Goodbye to 3-meter-long Titanic models or a brickmade stormtrooper blaster: The new terms and conditions set up by TLG (the almighty “The Lego Group”) explicitly prohibits sets exceeding 3,000 parts and life-sized weapon models – amongst other things. I think you can best describe it as a way to clean up the submissions to leave only the ones with realistic chances of being actually made.
The full press release can be found here. Lets have a look at the (in my opinion) most interesting parts. I actually like a lot of the new changes and I will tell you why:
“Once we produce a LEGO Ideas set based on a third-party property, we will not accept more Ideas submissions based on that property.”
This might sound strange first, but actually makes sense in a way that TLG likely wants to keep Lego Ideas original and inventive and wants to prevent it from becoming too licensed-theme-focused. They already have a ton of licenses running as regular themes after all.
“Projects must fit in a single product box, so we’re setting a part count limit of 3,000 pcs.”
Given that the PPP (price per piece) ratio* is usually in the 10+ ct/piece region, this is more than welcome news. I don’t like mammoth-sized sets and I often get the impression that builders just submit them as sheer vanity-projects. Beauty often lies in simplicity. There are so many excellent sets with a couple of hundred pieces out there. (*The PPP-ratio is a very vague thing and not really reliable for determining the value of a set. For example rare, new or especially large or complex parts take a bigger share of the production costs than your standard 2×1 brick in black. This said, the pricing is also for a good part determined by what the customer is willing to pay for a product.)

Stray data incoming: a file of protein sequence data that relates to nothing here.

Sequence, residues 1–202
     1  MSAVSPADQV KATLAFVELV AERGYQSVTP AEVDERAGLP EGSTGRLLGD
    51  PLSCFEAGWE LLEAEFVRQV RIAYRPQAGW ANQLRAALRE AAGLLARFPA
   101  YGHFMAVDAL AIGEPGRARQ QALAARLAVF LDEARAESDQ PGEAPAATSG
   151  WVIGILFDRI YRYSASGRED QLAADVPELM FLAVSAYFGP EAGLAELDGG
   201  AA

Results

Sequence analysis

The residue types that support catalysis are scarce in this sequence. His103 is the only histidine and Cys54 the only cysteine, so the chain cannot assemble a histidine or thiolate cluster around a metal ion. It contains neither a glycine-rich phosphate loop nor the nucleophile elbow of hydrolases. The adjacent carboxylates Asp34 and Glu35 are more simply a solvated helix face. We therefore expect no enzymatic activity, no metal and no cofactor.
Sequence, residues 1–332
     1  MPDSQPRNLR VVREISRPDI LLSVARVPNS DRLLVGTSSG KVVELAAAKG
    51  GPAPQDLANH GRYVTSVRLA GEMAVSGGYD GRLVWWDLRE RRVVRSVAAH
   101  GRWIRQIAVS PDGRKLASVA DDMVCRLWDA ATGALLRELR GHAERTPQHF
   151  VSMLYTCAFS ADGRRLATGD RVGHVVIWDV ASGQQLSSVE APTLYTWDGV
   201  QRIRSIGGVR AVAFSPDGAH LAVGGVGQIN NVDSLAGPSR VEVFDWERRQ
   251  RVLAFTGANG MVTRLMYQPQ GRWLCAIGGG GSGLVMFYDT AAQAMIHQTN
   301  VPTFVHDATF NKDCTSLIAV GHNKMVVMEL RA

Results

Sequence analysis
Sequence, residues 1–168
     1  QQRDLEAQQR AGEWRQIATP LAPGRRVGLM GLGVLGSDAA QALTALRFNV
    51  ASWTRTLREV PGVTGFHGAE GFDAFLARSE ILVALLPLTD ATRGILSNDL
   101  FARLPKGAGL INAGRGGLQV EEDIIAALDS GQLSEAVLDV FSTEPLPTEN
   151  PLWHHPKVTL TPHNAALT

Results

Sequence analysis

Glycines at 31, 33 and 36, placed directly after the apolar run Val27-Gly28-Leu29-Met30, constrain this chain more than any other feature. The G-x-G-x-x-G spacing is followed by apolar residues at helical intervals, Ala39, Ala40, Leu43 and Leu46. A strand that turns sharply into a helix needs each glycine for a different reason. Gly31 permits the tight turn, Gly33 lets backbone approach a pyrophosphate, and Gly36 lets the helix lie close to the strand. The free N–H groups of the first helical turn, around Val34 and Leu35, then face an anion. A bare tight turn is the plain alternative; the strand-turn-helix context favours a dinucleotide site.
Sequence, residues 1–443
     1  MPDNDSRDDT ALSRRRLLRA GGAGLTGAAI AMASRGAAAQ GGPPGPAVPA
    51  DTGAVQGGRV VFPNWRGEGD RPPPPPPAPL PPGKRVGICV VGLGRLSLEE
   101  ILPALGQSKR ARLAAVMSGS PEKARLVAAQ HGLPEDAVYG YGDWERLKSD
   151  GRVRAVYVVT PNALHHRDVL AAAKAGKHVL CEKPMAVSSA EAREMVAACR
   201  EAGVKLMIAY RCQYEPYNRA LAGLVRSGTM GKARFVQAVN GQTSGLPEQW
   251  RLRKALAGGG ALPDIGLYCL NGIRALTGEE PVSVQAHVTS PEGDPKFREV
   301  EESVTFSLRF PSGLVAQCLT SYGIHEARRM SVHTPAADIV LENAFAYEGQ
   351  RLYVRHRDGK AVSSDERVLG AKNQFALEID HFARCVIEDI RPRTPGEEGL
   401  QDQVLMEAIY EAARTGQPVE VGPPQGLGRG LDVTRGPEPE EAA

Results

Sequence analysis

“No iconic elements referencing third-party properties we find inappropriate for the LEGO brand”
I think we can call this the no-porn/booze-rule: fair enough^^
“No large or human-scale weapons or weapon replicas of any kind, including swords, knives, guns, sci-fi or fantasy blasters, etc.”
This is a nice and welcome nod to the original self-obligation by TLG to not produce any modern weapons. Thanks to certain license-themes, this rule has been more than slightly bent though (I just say Star Wars and Indiana Jones).
“Projects may not propose LEGO Dimensions expansion packs.”
Since I don’t really care for Dimensions, this new rule doesn’t bothers me much. I prefer my Lego as physical and analogue toy.
“Terms of Service now preserves projects that gain a significant following. (…) once a project reaches 1,000 supporters it will not be removed.”
This is rather good news. I have seen too many sets disappearing before they got the attention they deserved. Resubmitting was an option, but this seems to be the better, more elegant way. And the supporter-counter stays, so you won’t have to support it again.
So all in all my impression is very positive. The changes make sense and while some of them may upset a few people, I think they will improve the overall quality of the submissions by giving more clear guidelines to builders.